Giving

Consensus on gratitude is a great segue into discussions on ‘giving.’ When possible, we want to engage the whole family in a ‘giving’ activity. Giving your time and expertise to help someone is much more rewarding all around than writing a check. More importantly, it lets your children experience heartfelt appreciation from a non-family member for their contribution—an experience they may never forget. Of course, you, the parent, must propose several ‘giving’ options from which to choose. Should we shovel snow off the sidewalk for the elderly couple down the street? Should we help a widow store her outdoor summer furniture and tools? Maybe bake some cookies and sing carols as you deliver them to a handicapped neighbor? Whatever you choose, make it an activity for several members of the family and when it’s completed, go out for hot chocolate or ice cream sundaes! Your children will relive the ‘giving’ experience over the hot chocolate and look forward to the next opportunity to give of their time and ‘expertise’!

Dogs Love Holiday Strudel too!

Gifting

Have you ever seen a young child tear the wrapping off a holiday gift, throw it down, grab another gift, tear its wrapping off and repeat the process for every gift never even opening one of the gifts? Even though several of the gifts may have been on the child’s Gift Wish List, they will appear disappointed there weren’t more gifts to open! You can manage this situation by having children alternate gift opening and by helping them inspect each gift and determine how it can be used.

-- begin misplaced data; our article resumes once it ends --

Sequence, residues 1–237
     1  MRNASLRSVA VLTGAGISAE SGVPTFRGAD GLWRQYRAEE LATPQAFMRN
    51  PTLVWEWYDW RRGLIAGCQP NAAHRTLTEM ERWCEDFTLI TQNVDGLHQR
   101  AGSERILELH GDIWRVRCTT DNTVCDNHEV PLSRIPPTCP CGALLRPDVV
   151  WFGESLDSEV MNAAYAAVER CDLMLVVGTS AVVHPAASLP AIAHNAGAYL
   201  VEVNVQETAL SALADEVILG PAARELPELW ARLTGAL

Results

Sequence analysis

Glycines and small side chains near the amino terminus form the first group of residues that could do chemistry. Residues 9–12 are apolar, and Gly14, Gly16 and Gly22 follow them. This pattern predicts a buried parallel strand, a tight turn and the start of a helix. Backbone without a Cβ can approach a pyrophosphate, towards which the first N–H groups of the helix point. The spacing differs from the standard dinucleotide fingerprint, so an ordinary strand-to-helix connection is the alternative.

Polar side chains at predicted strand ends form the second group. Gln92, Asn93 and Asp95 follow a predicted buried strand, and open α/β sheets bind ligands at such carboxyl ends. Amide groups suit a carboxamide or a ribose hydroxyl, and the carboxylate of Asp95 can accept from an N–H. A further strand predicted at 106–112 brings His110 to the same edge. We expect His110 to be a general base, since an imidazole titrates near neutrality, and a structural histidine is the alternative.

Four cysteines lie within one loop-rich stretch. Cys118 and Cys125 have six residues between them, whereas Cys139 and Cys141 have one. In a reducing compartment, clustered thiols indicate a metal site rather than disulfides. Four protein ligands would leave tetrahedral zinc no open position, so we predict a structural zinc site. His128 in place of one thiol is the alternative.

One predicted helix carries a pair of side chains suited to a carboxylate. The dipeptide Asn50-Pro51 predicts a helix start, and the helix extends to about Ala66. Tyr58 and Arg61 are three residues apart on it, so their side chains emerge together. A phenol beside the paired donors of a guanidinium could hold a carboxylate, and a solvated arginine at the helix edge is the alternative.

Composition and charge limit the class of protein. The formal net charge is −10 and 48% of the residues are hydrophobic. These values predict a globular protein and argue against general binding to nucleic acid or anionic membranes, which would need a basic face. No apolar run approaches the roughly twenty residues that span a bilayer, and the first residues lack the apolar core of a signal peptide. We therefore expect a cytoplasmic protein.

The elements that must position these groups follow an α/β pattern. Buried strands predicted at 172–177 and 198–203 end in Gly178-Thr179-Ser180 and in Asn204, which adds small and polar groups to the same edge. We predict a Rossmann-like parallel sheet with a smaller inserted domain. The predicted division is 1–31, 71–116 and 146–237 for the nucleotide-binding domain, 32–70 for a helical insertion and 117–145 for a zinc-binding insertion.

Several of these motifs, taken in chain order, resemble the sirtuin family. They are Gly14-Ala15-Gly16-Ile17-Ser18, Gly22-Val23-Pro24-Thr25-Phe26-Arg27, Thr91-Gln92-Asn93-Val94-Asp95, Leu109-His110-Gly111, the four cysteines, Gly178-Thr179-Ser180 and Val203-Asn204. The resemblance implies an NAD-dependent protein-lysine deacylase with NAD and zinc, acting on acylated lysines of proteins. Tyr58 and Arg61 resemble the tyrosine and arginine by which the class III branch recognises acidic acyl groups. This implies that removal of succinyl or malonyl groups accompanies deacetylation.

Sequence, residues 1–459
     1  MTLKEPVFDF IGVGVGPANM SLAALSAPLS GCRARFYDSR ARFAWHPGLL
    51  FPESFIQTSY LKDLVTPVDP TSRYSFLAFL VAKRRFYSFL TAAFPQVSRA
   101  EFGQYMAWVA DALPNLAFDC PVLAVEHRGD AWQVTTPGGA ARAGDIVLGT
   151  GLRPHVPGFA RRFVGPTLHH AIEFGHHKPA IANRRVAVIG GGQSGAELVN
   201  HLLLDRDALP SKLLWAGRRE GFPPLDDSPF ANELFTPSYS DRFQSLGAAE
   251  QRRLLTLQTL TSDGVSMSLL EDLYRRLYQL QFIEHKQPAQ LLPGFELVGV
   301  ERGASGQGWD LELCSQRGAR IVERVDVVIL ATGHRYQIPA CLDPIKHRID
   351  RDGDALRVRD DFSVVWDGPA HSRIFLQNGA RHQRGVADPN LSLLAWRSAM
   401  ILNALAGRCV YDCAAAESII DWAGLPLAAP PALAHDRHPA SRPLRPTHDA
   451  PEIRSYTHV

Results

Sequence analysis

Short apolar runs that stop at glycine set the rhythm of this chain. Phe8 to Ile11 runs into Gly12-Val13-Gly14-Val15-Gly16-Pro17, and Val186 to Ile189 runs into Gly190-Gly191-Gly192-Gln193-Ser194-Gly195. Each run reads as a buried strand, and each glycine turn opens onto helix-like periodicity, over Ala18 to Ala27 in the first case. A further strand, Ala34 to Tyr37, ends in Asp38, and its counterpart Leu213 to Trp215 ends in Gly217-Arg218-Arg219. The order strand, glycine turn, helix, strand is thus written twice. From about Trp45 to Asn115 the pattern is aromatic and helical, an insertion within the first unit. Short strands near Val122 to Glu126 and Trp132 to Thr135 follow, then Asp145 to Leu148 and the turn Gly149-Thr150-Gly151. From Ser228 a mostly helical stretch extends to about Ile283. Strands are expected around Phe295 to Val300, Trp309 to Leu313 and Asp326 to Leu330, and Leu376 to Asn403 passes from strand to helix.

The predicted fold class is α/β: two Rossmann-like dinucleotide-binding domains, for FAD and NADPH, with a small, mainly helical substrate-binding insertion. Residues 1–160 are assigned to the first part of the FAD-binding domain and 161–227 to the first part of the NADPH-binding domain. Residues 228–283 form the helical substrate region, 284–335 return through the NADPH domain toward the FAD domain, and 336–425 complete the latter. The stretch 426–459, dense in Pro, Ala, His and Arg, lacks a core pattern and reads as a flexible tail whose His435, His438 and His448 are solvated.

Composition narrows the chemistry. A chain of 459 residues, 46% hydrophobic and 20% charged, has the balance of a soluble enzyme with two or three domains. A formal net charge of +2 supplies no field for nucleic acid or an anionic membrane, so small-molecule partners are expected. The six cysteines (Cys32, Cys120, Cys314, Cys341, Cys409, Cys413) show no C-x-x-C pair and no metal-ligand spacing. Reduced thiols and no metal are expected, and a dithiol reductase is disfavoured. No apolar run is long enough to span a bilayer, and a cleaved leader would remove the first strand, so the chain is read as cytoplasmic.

The more important question is how much should you spend on gifts for your children and what types of gifts should they be? The amount you spend for each child clearly depends on your disposable income, but even if you are flush with cash, you need to reign in your desire to give your children their every heart’s desire. Too many gifts will simply end up in the closet never to be played with again but taking up valuable space. Additionally, too many gifts can distract from the true meaning of the holiday. I liked to give my children gifts that required an activity, like a pair or skis, hockey skates or a skateboard. Added to that were clothing items like a cool new pair of sneakers, sweaters or ski jackets to complement their skiing activities but which were also suitable for school.

Orange Rolls in the Making

Your children won’t have a clue about what they got for Christmas two years ago. But, here’s what they will remember. Your 17-year-old football wide receiver son will remember his favorite aunt teaching him how to make the 100 year old family orange roll recipe and that he’s now the next-in-line Orange Roll King!

May you have a joyful and peaceful holiday with your family by your side!

HAPPY HOLIDAYS!

FROM OUR HOME TO YOURS!

Beware Home Warranties

Beware Home Warranties

What is a Home Warranty?

Not Insurance

A Home Warranty is not your homeowners insurance. A Home Warranty is a contract designed to protect you from unexpected costly repairs or replacement of appliances in your home. The contract is generally for a year. The monthly premium ranges from $40 to $70 per month and depends on which appliances and systems are included in the contract. There is also a deductible of $75 to $100 for each repairman visit to repair or replace an appliance.

What’s The Pitch?

This is the pitch from Home Warranty of America (HWA): “Imagine you’ve been using that lovely new refrigerator you purchased last year and then suddenly, as soon as the manufacturer’s warranty expires, it dies on you. If you don’t have a home warranty, it may cost you hundreds or even thousands of dollars to fix or replace it.

If you have a home warranty with HWA, you can file a claim online or with our customer service team and we’ll take care of the rest. Once the claim is received, we’ll connect you with an approved service provider to assess the problem and your appliance or system will be fixed as quickly as possible.”